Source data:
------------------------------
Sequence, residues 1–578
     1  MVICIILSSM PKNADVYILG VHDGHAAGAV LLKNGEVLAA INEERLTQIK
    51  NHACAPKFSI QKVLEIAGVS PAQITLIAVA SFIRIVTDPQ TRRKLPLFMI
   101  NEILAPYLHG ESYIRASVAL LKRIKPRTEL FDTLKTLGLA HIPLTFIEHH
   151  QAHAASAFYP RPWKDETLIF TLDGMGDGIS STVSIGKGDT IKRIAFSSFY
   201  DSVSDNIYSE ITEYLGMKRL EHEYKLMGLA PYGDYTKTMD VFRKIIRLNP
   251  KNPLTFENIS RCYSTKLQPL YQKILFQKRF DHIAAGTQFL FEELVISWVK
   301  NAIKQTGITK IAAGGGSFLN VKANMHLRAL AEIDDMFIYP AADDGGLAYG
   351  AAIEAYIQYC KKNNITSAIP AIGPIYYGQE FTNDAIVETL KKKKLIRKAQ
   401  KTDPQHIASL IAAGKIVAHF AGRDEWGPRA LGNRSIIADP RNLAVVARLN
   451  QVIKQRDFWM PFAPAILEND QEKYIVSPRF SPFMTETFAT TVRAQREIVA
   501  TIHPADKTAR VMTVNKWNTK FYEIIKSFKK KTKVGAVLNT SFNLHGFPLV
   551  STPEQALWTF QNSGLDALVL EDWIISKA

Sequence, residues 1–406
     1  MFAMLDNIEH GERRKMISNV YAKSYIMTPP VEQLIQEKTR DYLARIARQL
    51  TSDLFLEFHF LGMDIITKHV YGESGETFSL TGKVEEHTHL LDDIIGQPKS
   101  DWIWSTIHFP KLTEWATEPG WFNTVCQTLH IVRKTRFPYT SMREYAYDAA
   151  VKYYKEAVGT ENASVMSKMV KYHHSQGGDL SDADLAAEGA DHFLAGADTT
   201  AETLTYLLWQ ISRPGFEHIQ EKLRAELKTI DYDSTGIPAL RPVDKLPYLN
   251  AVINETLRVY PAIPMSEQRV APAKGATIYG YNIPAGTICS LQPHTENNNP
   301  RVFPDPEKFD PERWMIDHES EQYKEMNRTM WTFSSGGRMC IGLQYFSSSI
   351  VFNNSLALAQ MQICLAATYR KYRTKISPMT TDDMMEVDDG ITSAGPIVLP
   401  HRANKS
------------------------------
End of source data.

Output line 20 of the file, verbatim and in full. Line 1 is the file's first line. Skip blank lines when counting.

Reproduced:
   251  AVINETLRVY PAIPMSEQRV APAKGATIYG YNIPAGTICS LQPHTENNNP